Revision as of 14:28, 28 August 2009 by Bart Bosmans (Talk | contribs)


As an introduction to modelling we made a short presentation. This presentation tells about the following:

  • some definitions and the role of modelling
  • black and white box modelling
  • the role of ordinary differential equations
  • modelling applied to iGEM

this presentation is mainly based on the presentation of last year and the wiki of ETH Zürich 2007.

The Full Model

Controller system.png

The full model consists of four parts: the blue light receptor, the comparator, the vanillin production and the vanillin receptor similar to the real world essencia coli bacteria. The blue light sensor and the vanillin receptor are acting as the inputs of the system. The intensity of blue light gives the wanted vanillin concentration. The vanillin receptor gives the actual concentration of vanillin outside the cell. Comparing these two inputs gives us a control system for the vanillin production.

Modelling steps

The scientific procedure for the study of a physical system can be divided in the following 3 steps

  • Parameterization of the system: discover the minimal set of parameters that completely define the system.
  • Foward modelling: define the physical laws that, given the values of the parameters of the system, determine the value of the observable parameters.
  • Inverse modelling: given observed parameters, infer the actual parameters that produced the observed data.

Most of the time this is an iterative approach, the last step will contain an indication of how good the model fits the observed data. Sometimes it will be necessary to adjust the proposed model.

Step 1 and 2: Modelling and simulation

By a model, we mean an abstraction of some real system that can be used to obtain predictions and formulate control strategies. In order to be useful, a model must necessarily incorporate elements of two conflicting attributes:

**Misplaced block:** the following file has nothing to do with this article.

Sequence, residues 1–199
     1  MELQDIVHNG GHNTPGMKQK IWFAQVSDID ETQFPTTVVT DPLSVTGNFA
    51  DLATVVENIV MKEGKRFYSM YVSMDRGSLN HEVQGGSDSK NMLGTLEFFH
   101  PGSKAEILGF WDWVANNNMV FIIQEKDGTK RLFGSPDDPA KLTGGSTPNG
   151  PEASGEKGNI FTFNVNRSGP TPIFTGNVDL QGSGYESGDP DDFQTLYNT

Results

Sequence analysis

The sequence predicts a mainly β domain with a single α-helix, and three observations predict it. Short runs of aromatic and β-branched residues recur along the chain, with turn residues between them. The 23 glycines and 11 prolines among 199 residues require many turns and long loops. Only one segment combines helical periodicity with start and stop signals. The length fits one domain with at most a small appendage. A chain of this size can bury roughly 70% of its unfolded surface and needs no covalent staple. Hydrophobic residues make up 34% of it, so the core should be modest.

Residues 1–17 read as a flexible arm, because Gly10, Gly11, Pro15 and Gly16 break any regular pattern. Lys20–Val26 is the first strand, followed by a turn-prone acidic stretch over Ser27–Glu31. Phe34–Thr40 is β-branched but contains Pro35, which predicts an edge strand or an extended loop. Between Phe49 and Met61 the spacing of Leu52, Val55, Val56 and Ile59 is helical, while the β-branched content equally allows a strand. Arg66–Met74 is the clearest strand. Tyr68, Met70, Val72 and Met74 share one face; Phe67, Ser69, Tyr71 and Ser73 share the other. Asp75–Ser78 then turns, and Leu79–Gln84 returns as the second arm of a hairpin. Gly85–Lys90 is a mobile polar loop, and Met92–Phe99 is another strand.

• realism
  • simplicity

On the one hand, the model should serve as a reasonably close approximation to the real system, on the other hand, the model must not be overly complex so as to preclude its understanding and manipulation. All that's required is a high correlation between predictions and real-life performance.

We created a single cell model of interacting biochemical reacting to describe the behaviour of our 'Miss Blue Vanilla' using simbiology (Mathworks) graphical representation. This reactions can sufficiently accurate be described by Ordinary Differential Equations (ODEs) like Mass-Action laws, Hill Kinetic laws and so on. These equations are solved by a deterministic solver available in simbiology.

Step 3: Inverse modelling

Although some parameters can be obtained by mining the literature in a search of relevant information, some reactions are still not fully described or exactly known by science. This requires another method for obtaining the needed information, inverse modelling also known as parameter estimation.

While the first two steps are mainly deductive, this step is inductive. The inverse problem consists of using the actual result of some measurements to infer the value of the parameters that characterize the system. While the forward problem has (in deterministic physics) a unique solution, the inverse problem does not. The most general theory is obtained when using a probabilistic point of view, where the a priori information on the model parameters is represented by a probability distribution over the 'model space'. Because an exhaustive search through the model space is computationally very demanding, more intelligent Monte Carlo techniques will be used, we used a Metropolis-Hastings sampling algorithm. Notice that if one wants to resolve all the parameters in the model, a vast number of experimental data has to be obtained.

Most of the time we are only interested in the model that best fits the observed data. This best model can be obtained by the solution of a (non linear) optimization problem. This is the main method we will use to estimate the unknown parameters is the model, although the probabilistic approach is more general it suffers form major computational overhead.


"Inverse problem theory and methods for model parameter estimation", Albert Tarantola
"Modern simulation and modeling", Reuven Y. Rubinstein, Benjamin Melamed